ISSN (Print) - 0012-9976 | ISSN (Online) - 2349-8846

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Isolated Complaints Committees

Is SHWW Act, 2013 Effective in Higher Education Institutions?

The Sexual Harassment of Women at Workplace (Prevention, Prohibition and Redressal) Act, 2013 has been translated into policies against sexual harassment in corporations and organisations and in many higher education institutions. This article draws on our joint experiences working on Internal Complaints Committees in HEIs to examine current practices and show the new issues and concerns that have emerged, and how accumulating case law impacts the implementation of the act. We point out some best practices of HEIs to show that despite continuing challenges, ICCs have tried to not only secure justice for survivors of sexual harassment but also created broader support systems for them.

The Sexual Harassment of Women at Workplace (Prevention, Prohibition and Redressal) Act, 2013 (hereafter the act) has entered its 10th anniversary year. Its passage would not have been possible without the active engagement of many feminists and activists across the country. The law has been translated into policies against sexual harassment in private and public corporations and organisations and indeed in many higher education institutions (HEIs) as well; it is with the last of these that we are specifically dealing here. The University Grants Commission (UGC) set up a committee in order to bring out a set of guidelines to be followed in all state-funded Indian colleges and universities. Several Indian Institutes of Technology (IITs) and other HEIs also established their own policies, which included in some cases the concerns of transgender and sexual minority persons as well.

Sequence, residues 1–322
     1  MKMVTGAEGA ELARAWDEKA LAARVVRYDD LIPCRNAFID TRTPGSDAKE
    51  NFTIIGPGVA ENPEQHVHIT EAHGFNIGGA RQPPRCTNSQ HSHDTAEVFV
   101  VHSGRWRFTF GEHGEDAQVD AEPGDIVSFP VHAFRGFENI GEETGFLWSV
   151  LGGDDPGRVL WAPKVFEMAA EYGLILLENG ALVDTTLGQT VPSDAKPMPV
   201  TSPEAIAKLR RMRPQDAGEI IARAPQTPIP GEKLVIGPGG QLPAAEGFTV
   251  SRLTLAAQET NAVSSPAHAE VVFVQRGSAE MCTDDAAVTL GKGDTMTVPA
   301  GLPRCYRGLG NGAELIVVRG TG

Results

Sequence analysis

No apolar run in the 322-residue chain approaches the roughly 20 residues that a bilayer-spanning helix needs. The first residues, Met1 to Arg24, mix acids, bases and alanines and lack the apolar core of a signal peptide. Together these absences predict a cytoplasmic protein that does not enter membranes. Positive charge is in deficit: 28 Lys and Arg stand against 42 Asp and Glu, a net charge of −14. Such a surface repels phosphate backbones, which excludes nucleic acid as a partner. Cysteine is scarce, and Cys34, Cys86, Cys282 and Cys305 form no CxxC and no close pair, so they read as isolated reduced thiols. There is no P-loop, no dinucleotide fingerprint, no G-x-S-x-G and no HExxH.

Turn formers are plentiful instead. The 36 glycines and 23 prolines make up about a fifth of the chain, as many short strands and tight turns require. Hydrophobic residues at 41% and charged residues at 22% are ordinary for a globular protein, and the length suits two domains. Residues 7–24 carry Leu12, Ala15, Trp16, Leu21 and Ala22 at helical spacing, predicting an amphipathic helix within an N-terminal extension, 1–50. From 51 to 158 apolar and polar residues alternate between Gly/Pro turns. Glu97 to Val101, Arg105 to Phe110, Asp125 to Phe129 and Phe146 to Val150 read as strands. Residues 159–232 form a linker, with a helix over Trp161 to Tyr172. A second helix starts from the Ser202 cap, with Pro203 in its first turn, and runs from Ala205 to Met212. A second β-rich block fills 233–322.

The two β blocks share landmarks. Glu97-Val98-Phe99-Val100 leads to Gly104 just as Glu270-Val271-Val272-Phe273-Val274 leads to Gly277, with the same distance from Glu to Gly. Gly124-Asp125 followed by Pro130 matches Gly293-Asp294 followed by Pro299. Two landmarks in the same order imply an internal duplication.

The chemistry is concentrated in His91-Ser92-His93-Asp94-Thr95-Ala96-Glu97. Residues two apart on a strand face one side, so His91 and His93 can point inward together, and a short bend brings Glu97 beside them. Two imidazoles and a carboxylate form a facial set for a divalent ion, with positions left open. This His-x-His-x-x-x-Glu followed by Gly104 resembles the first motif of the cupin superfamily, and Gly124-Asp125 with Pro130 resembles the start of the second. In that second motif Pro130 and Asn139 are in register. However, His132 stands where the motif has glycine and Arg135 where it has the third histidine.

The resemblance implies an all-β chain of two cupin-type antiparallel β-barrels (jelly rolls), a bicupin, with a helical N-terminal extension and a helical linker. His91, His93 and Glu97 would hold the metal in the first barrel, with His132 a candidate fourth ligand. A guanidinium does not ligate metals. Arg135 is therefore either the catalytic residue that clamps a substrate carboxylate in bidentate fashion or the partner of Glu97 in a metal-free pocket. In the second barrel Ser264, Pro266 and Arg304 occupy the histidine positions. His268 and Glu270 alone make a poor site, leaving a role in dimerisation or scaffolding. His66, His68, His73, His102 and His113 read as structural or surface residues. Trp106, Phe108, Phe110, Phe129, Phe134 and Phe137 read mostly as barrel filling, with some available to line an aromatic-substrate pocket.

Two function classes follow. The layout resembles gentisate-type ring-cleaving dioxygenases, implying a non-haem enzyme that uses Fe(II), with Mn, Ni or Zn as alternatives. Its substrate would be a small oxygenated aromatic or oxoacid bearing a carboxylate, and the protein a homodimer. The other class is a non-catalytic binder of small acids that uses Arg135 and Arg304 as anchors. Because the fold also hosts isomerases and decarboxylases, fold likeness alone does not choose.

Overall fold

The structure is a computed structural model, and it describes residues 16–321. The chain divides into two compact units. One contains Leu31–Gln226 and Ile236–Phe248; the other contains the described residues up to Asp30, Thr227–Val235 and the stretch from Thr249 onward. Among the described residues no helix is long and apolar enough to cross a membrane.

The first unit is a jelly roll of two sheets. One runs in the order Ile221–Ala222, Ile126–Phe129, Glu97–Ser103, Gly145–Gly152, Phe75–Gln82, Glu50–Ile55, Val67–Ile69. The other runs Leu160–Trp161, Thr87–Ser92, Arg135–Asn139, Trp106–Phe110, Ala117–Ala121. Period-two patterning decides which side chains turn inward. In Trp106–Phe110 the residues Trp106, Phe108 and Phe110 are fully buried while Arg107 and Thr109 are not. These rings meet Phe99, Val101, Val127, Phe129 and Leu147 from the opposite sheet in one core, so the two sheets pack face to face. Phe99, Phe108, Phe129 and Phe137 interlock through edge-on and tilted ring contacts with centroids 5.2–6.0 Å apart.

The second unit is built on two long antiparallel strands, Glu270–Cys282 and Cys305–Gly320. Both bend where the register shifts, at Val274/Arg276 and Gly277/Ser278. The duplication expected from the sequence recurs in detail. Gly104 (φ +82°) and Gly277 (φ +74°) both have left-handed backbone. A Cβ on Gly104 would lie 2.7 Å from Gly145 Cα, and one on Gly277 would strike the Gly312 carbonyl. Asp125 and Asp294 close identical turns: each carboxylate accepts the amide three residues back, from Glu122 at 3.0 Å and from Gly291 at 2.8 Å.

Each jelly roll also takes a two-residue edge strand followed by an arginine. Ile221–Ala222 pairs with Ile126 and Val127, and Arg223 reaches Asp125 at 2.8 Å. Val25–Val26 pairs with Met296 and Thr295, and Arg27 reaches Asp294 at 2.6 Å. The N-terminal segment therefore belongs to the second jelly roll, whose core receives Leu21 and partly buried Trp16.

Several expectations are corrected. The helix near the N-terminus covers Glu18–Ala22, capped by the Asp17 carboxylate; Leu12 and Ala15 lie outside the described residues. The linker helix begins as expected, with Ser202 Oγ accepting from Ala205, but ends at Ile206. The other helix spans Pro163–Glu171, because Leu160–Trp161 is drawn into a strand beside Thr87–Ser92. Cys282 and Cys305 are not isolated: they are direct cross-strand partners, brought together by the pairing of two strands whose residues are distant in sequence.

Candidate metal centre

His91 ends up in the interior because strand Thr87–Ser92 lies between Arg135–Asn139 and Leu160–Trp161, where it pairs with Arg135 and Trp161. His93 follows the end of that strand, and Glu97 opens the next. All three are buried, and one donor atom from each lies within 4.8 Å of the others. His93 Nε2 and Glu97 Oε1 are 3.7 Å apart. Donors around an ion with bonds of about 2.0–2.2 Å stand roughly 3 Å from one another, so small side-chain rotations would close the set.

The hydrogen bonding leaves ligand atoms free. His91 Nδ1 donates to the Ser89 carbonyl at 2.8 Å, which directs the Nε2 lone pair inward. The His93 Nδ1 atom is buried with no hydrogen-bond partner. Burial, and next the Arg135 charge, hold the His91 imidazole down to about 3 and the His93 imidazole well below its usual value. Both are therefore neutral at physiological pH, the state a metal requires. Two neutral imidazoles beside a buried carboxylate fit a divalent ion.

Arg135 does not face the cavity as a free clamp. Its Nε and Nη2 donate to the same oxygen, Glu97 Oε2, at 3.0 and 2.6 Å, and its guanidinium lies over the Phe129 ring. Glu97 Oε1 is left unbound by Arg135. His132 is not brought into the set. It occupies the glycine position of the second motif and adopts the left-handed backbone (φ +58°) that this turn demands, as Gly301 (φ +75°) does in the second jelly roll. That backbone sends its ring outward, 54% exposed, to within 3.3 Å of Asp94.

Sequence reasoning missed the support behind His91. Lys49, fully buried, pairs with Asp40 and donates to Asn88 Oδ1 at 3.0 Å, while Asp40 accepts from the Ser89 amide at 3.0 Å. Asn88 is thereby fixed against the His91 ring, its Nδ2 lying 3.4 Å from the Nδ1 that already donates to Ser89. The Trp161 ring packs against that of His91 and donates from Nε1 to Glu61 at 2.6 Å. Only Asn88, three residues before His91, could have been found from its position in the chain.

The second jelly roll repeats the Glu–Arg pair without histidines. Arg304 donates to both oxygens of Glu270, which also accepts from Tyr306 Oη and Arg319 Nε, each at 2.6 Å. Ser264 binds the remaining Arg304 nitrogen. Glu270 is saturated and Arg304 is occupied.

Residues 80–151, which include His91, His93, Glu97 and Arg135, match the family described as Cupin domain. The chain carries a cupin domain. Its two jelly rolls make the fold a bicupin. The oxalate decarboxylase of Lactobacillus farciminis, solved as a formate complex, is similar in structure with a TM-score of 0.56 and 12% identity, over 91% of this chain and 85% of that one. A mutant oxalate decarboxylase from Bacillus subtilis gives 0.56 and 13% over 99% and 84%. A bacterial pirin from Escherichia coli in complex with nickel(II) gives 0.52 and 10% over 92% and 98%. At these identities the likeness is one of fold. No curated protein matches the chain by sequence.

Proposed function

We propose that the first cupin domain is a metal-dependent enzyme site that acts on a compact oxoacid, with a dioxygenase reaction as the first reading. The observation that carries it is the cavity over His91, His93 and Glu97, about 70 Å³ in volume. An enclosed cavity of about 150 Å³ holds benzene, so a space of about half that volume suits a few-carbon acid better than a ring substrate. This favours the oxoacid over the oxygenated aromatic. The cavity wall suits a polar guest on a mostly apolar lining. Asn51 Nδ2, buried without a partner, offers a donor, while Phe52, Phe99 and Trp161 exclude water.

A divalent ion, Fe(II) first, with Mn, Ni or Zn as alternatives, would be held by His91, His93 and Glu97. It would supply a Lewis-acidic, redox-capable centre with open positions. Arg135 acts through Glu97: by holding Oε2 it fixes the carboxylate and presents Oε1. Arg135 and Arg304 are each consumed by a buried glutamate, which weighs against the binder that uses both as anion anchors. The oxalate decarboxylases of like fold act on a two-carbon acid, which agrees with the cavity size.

This is a good moment to pause and review the potential of this law and examine the working of the Internal Complaints Committees (ICCs) to create support mechanisms in HEIs within the ambit of the law. Though a decade has not passed since the law came into being, an array of criticisms has accumulated against its working and in particular against the functioning and effectiveness of ICCs. Some writers felt that the ICCs should be outright rejected. Just after the passage of the act, John (2014) arti­culated a sharp critique of ICCs. She argued that the act treats sexual harassment in the workplace as a private affair between two individuals or parties, with no explicit responsibility on the employers, and disconnected from the state’s juridical obligations. She held that the separation of the handling of sexual harassment complaints from the normal disciplinary apparatus within organisations effectively bifurcates gender and labour issues, damaging both, as it potentially pitches individuals in the organisation against each other and carves out a discrete sphere of employer-appointed adjudication of sexual harassment complaints as opposed to arbitration involving employee associations and unions. For others also (Chadha 2017), the spread of the #MeToo movement in India in 2017, which concentrated particularly on academia, constituted a sharp indictment of male transgressors in higher educational spaces across the country and the difficulty of obtaining justice against them through formal mechanisms.

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Updated On : 10th Nov, 2022
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